The visions of Halo 4: Forward Unto Dawn

It wasn’t that long ago a Halo movie was in the works at Universal, with Peter Jackson producing, newcomer Neil Blomkamp directing, and Alex Garland (28 Days Later, Dredd) writing the screenplay.

For a number of reasons, including a budget that was sure to get unwieldy, and control issues with Microsoft, the Halo film never came together.

As we previously reported on TG, screenwriter Stuart Beattie (Collateral, Pirates of the Caribbean: The Curse of the Black Pearl), who loves the game, even launched a one-man crusade to get a Halo movie made, but it didn’t come to pass. Halo seemed to be the perfect game to make into a film, and it could have launched the movie / gaming crossover that seemed bound to happen, yet movies and games may end up remaining separate entities.

Or will they? As The Guardian reports, Microsoft broke Halo 4: Forward Into Dawn into a webisode, with five 15-minute segments that are airing on YouTube, Machinima, and Xbox Live. This seems like a smarter way to do it than a full-blown epic movie that could cost hundreds of millions of dollars, and a lot of people have been trying to launch webisodes for the same reason. If one catches on, like the Halo one has a lot of potential to, it could open up a lot of doors for filmmakers.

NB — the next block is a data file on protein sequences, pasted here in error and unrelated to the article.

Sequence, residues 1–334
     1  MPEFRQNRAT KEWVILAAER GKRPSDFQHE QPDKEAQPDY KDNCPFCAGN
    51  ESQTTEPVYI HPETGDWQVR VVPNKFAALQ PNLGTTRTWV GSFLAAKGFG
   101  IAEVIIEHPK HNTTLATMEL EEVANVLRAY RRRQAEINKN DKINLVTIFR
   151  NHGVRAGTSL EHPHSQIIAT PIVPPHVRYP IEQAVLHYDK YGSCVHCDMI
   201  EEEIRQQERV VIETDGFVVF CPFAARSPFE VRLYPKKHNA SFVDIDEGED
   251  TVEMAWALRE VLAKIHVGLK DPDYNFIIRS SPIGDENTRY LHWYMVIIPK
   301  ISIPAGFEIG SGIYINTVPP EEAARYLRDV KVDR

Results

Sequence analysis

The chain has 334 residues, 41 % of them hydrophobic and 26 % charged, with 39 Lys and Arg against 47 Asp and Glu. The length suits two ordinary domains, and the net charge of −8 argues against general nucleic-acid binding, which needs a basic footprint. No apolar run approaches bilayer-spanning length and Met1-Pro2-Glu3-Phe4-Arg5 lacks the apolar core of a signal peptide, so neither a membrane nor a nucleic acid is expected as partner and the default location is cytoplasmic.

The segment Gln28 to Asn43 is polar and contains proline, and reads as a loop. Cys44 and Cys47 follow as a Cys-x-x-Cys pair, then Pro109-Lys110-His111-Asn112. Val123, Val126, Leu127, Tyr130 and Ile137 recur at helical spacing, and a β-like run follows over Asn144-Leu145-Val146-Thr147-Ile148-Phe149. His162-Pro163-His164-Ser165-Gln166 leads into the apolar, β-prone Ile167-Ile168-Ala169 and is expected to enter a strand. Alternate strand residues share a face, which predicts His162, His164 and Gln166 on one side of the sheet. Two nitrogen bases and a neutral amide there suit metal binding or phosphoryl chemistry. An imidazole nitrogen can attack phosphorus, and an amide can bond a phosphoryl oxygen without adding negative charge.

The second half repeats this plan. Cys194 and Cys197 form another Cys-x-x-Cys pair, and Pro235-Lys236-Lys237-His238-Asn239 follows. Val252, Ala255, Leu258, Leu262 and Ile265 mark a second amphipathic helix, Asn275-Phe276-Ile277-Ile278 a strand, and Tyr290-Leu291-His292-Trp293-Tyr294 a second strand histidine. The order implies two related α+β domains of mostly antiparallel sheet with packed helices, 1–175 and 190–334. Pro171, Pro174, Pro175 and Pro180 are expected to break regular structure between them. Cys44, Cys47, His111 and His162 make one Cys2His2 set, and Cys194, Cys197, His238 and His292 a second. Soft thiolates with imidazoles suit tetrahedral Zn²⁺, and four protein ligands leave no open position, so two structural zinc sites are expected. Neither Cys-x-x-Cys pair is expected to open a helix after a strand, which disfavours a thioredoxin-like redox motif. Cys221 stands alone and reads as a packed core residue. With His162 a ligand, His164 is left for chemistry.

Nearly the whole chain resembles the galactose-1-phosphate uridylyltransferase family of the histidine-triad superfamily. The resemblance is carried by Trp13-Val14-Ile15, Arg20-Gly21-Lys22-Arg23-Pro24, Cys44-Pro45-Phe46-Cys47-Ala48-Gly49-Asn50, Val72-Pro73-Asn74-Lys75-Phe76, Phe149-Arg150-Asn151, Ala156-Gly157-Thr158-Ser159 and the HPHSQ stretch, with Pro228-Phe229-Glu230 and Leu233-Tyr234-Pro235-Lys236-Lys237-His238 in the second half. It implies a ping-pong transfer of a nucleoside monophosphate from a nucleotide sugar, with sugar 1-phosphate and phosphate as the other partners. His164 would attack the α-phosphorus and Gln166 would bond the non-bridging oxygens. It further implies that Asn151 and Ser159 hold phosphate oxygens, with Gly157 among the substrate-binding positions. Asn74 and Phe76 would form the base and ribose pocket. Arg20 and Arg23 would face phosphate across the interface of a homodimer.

There’s also major potential for movies and gaming to cross over and have big success on both sides because of the episodes playing on YouTube, Machinima, and Xbox. As The Guardian notes, “In almost every way, outside distribution, Forward Unto Dawn is a full-scale production…There may be no cinema release but in every other sense this new media approach is happening.”

Stewart Hendler, who directed the Halo webisodes, also told the publication, “I did my first web series two years ago and it was slightly unclear where the art form was heading. Now they’re pulling in real resources – these things are being made the level of TV pilots and feature films.”